“I thought she went rogue,” Griffiths said from beside him.
“Turned terrorist, wasn’t it?” another put in.
“Shepard is very much on our side,” Anderson told them. “And she’s been underground, but she’s back. She’s out there right now gathering an army. She’ll be coming for us, and we need to be ready for her.”
Dean looked around, pretty astonished by the reaction this got from the other soldiers. All of them, even that grumpy one in the corner, looked impressed. Dean, however, wasn’t quite sure what to think. He’d heard on the news vids that Shepard had blown up a batarian star system because she thought it would slow down the Reapers. And from what Katie had told Dean, Dean’s buddy, Alenko, had been in love with some girl on the Normandy - Ashley something-or-other. Then Shepard went off and got the girl killed during some mission. Normally, Dean wouldn’t have much faith in someone who was willing to be that ruthless to get the job done, but against the Reapers, well, he figured ruthless might be exactly what it took to get the job done.
“So,” Griffiths said, “All we gotta do is sneak into London, get comms back online, and hold out until Shepard brings an army to save our asses?”
“Not quite that simple,” Anderson said, the ghost of a smile on his lips, “but something like that.”
“No problem,” Griffiths said. “We got this in the bag, right?” She smacked Dean in the arm, hard.
“Right,” Dean said, rubbing the sore spot she left on his shoulder. He certainly didn’t share the lieutenant’s optimism, because he had no idea what they were getting into, and if he failed to get the communications back online then…
That thought brought Dean up short. If he failed to get communications back online, it wasn’t like the Alliance would kick him off the job and bring in another expert. For all he knew, there might not be another expert left on the whole of Earth. If he failed, then every soldier here would probably die. Even that asshole in the corner didn’t deserve that.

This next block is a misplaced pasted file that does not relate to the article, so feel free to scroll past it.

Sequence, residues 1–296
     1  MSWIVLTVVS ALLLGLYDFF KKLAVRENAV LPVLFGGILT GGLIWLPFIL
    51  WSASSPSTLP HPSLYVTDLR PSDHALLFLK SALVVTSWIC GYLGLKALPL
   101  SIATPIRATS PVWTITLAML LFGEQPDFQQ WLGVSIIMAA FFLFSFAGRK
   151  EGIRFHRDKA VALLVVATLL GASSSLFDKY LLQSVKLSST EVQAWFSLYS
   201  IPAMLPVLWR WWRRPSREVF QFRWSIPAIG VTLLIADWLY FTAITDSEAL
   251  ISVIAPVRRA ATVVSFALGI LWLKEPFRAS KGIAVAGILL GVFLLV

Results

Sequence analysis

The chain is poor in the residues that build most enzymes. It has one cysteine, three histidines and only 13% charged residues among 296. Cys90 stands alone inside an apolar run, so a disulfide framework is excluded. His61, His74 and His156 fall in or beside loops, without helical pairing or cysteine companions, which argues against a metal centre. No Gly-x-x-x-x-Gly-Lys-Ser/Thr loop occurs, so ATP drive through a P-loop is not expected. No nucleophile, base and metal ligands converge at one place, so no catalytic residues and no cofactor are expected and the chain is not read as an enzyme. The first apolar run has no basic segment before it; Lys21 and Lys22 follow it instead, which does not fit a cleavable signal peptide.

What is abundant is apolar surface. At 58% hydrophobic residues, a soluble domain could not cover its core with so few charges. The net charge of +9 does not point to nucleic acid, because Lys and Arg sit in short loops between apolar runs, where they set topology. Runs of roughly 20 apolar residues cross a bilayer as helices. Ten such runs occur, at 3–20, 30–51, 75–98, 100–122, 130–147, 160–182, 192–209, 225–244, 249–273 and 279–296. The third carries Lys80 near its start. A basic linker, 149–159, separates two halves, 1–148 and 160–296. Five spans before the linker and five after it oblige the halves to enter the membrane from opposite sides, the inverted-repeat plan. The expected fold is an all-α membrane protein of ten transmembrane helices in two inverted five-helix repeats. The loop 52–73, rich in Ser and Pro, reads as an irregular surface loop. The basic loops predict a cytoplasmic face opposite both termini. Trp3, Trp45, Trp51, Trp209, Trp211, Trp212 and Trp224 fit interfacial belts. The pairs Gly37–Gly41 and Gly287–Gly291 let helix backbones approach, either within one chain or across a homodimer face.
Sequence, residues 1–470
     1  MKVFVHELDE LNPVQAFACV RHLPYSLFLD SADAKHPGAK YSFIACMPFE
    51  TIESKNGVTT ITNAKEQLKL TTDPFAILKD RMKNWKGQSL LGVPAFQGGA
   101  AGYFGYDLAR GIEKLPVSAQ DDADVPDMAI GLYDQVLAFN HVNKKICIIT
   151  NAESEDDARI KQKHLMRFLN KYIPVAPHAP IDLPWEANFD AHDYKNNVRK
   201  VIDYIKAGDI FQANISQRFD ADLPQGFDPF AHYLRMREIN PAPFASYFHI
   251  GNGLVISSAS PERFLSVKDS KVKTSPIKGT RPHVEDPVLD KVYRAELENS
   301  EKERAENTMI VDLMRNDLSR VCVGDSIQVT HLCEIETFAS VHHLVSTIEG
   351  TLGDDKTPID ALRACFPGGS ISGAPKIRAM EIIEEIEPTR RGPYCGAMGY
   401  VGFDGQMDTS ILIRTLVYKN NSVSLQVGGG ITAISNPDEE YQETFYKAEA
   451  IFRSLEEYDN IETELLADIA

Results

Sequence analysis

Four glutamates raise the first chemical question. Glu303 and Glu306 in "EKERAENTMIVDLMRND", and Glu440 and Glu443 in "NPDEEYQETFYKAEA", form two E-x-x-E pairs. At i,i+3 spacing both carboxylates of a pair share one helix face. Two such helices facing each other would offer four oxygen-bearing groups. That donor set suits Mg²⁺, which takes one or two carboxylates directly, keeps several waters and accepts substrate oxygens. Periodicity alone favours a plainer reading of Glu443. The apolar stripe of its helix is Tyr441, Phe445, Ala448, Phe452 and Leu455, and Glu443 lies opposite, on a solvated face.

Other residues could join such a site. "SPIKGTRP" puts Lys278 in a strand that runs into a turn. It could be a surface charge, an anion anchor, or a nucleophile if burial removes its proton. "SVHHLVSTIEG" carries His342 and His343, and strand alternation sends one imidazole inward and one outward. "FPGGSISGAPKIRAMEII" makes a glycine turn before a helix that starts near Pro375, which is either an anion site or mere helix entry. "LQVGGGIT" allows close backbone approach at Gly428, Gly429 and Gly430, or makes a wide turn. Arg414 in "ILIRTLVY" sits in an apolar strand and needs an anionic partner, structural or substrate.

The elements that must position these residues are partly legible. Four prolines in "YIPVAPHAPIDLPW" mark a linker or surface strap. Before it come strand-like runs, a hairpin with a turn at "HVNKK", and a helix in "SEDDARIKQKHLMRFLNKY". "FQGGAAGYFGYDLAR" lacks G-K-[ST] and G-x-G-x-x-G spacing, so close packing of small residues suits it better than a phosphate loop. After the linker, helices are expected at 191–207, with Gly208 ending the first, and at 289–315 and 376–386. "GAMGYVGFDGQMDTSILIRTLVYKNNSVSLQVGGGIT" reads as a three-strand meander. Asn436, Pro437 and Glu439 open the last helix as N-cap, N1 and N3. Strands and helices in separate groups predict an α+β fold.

And suddenly, Dean felt like he was waking up, not just from sleep, but from some kind of stupor he’d been in for months since Katie left. This wasn’t about a failed relationship or how he wished things might have been. This really was the end of the goddamn world. And there was no room for failure.
Shepard gasped awake with a start. Her heart was pounding, her sheets were drenched with sweat.
Rolling to one side, Shepard gripped her head with her hands. She felt like her skull was splitting in half, beginning at some spot deep inside her brain. For a second, she feared that it was the camera again, uploading from her brain to the Illusive Man. But then she realized that couldn’t be the case. EDI would be blocking any signal from the graybox so long as Shepard was on or near the Normandy. And besides, Shepard reasoned, this headache was nothing like the uploading headaches from before. Those had been a buzzing along her implant wires. This ache, however, felt much deeper, like a heavy rumbling at the center of her head.
The pain remained for a moment, then, just like that fire from her dream, it blessedly began to ease. And as the ache faded, Shepard remembered snippets of her nightmare.
A wood with no paths through it. A lost child. A hand offered too late.
She had been running, as though she had been in training again, back in the wooded places of Old Stanley Park. However, in the dream it had been twilight, not morning, and she had been wearing her armor rather than her workout gear. There had been no path to run along either, no clear way through the ferns and trees. In the dream, she had occasionally run to a spot only to turn right back around again, as though she could not help but come back again and again to the same clearing.
She had circled back, again and again, and then, unexpectedly, she had stumbled upon a little boy, playing all alone. It was the boy who had hidden from her in Vancouver - the boy she hadn’t managed to save. In the dream, he had looked at her with a blank, terrified gaze - and then burst into flame.